Outside of that, you usually get what you pay for. There are low-cost Web application security testing tools and several others with much higher price tags. I've found out the hard way that, by and large, high-end equals high quality. Good tools translate into more (and more complex) security flaws discovered, as well as less time and effort wasted trying to track them down. The reporting capabilities of commercial tools are unmatched as well. The tools I've come to depend on are HP's WebInspect and Acunetix Web Vulnerability Scanner. When I can I use both tools, because they tend to find different things that I don't want to overlook. Keep in mind that tools aren't everything, though. (There's more on this below.)
Look at your
application from every perspective
Perform a reconnaissance on your Web application and see what the world can see using Google and its hacking tools such as Foundstone's SiteDigger. Odds are you won't find a lot of stuff, but you'll never know until you check. Next, run a Web vulnerability scanner such as the ones I mentioned above. Where you can, be sure to run your scans as both an unauthenticated and untrusted outsider as well as an authenticated and trusted user (via basic HTTP, NTLM or form authentication).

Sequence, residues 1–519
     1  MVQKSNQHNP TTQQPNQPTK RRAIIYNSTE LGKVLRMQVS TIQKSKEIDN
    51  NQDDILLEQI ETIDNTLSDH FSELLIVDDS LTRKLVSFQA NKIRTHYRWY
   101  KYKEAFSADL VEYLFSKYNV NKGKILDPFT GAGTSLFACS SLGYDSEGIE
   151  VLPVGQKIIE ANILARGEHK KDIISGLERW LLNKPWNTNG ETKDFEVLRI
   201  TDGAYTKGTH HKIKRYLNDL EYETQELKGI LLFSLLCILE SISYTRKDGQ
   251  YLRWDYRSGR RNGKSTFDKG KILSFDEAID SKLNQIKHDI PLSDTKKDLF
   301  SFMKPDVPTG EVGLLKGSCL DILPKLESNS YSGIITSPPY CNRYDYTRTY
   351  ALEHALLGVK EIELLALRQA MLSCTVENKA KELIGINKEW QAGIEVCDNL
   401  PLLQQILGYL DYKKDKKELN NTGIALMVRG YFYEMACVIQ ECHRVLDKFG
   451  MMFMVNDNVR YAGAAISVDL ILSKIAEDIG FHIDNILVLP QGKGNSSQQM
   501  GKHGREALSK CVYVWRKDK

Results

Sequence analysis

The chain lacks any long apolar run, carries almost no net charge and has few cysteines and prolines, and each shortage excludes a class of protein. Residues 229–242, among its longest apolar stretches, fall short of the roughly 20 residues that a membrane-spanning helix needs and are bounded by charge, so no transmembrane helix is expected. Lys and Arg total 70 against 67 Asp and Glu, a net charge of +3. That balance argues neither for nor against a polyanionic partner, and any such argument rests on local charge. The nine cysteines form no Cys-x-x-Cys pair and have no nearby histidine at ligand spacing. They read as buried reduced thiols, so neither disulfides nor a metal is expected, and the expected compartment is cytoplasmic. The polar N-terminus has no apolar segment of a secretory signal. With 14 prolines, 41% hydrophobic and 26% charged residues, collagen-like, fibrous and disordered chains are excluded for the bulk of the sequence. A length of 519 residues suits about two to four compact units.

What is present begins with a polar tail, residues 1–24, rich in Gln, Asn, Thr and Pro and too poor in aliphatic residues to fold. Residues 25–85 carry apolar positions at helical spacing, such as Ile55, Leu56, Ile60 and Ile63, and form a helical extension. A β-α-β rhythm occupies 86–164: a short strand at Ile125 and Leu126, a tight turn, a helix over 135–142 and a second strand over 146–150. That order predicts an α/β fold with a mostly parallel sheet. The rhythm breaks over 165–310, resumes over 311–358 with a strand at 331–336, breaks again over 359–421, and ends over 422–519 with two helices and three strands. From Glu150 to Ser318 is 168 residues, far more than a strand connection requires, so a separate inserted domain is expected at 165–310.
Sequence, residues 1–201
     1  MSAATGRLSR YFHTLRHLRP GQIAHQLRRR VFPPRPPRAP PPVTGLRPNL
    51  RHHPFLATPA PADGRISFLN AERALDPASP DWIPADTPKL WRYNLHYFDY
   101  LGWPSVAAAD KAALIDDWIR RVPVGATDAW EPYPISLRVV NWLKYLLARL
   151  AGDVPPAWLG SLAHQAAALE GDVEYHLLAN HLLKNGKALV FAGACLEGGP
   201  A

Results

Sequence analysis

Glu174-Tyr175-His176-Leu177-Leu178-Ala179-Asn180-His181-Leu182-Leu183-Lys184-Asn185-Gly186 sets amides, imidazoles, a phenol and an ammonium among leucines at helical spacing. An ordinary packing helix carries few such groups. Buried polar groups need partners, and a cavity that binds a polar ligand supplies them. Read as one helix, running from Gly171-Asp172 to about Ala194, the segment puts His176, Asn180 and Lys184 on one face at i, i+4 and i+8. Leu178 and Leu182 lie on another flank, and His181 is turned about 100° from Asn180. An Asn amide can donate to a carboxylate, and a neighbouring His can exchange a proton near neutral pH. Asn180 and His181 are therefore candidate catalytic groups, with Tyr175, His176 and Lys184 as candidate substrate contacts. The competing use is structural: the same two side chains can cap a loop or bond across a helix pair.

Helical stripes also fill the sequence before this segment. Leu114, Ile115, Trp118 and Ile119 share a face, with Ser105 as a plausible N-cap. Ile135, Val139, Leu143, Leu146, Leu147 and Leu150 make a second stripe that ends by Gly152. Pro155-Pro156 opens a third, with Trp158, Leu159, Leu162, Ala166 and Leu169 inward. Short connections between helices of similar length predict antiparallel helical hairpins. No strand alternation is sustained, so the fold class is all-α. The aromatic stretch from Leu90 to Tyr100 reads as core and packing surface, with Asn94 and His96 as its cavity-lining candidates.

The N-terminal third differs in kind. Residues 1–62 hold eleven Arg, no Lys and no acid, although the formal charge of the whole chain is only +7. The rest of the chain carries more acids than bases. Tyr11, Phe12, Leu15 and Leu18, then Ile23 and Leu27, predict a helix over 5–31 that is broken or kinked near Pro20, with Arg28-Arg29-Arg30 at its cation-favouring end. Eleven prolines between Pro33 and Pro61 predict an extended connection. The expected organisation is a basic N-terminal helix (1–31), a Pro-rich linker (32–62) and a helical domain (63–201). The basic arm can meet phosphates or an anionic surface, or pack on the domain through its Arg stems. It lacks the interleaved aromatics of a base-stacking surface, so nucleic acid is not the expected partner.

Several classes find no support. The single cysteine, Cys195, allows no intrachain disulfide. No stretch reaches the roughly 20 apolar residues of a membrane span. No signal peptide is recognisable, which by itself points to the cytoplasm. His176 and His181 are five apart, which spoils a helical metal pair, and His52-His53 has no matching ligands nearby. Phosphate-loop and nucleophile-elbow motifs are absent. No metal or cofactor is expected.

Web abuse knows no boundaries. By looking at your application from different angles, you'll undoubtedly find different types of vulnerabilities that can be exploited from both outside and inside your network. With your authenticated scans, test out every role level or user type if possible, since some vulnerabilities will be available only to users with certain privileges.
Test for underlying
One of the most commonly overlooked areas of Web application testing is failing to scan the underlying operating system and installed applications. With tools such as Nessus and QualysGuard, you'll be able to root out problems such as missing patches and misconfigurations in your operating system and other software you have installed (including the Web server itself) that can lead to a Web application compromise. If you want to get the entire picture, you should also look at your back-end databases and related network infrastructure systems. A single weakness outside of the Web application that's overlooked can put everything at risk.